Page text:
Los Angeles

David Hockney

L. A. Louver Gallery

With his Polaroid photomontages, David Hockney rescued Cubism from the living grave to which excessive reverence and often sullen reference were busily consigning it. Now, with the help of office copying machines, he has plucked the visions we have of Henri Matisse’s and Raoul Dufy’s sun-struck Nice out of nostalgia’s amber, and out of France, and transposed them to Southern California. The 35 “Home Made Prints” that were in this exhibition, in editions ranging from 25 to 60 photocopies, are irresistible for quite a lot of reasons.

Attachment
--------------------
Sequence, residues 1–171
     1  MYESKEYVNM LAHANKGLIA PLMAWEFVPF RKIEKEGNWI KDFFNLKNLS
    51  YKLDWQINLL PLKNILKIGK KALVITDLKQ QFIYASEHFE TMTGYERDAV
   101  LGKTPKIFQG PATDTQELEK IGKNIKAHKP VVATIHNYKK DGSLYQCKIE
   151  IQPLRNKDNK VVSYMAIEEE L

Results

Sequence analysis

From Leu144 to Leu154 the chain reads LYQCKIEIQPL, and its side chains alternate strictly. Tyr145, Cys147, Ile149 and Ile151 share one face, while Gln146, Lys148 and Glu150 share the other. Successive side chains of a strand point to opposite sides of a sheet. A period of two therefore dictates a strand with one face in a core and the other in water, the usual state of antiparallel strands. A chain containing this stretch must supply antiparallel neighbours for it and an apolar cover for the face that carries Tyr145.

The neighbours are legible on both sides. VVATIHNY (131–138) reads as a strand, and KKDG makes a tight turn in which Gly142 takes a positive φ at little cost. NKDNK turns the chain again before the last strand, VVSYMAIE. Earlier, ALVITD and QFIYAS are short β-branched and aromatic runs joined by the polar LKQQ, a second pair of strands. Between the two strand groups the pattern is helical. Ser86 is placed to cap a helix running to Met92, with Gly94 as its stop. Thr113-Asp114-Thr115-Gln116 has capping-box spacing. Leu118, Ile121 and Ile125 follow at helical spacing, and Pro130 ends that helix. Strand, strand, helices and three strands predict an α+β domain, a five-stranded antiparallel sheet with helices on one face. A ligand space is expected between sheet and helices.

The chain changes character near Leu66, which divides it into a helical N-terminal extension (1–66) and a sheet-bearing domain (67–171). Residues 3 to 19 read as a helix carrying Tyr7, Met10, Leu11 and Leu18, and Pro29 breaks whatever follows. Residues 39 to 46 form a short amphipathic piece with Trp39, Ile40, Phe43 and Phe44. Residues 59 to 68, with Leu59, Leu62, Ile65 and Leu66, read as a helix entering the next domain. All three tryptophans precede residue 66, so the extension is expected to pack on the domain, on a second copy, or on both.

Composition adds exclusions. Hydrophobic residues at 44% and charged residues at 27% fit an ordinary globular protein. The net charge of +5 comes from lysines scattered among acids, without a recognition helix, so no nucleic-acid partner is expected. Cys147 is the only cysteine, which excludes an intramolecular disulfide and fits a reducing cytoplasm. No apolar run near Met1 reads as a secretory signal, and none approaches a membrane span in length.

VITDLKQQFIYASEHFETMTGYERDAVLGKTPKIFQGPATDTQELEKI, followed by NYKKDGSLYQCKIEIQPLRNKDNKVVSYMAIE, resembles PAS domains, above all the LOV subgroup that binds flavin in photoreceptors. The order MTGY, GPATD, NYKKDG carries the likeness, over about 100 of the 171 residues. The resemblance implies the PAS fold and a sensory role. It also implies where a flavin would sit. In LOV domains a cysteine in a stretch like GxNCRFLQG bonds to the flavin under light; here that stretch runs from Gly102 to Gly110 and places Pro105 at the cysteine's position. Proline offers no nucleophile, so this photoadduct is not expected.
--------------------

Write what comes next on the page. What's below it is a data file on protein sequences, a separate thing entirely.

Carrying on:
First of all, they fling fistfuls of Tinker Bell dust into our “age of mechanical reproduction,” which many would have us believe a naturally somber affair. According to Hockney, that age, as it has been polemically defined, is not yet upon us, for (as he wrote in the catalogue introduction) “it’s still love and care that make a difference, even with machines.”

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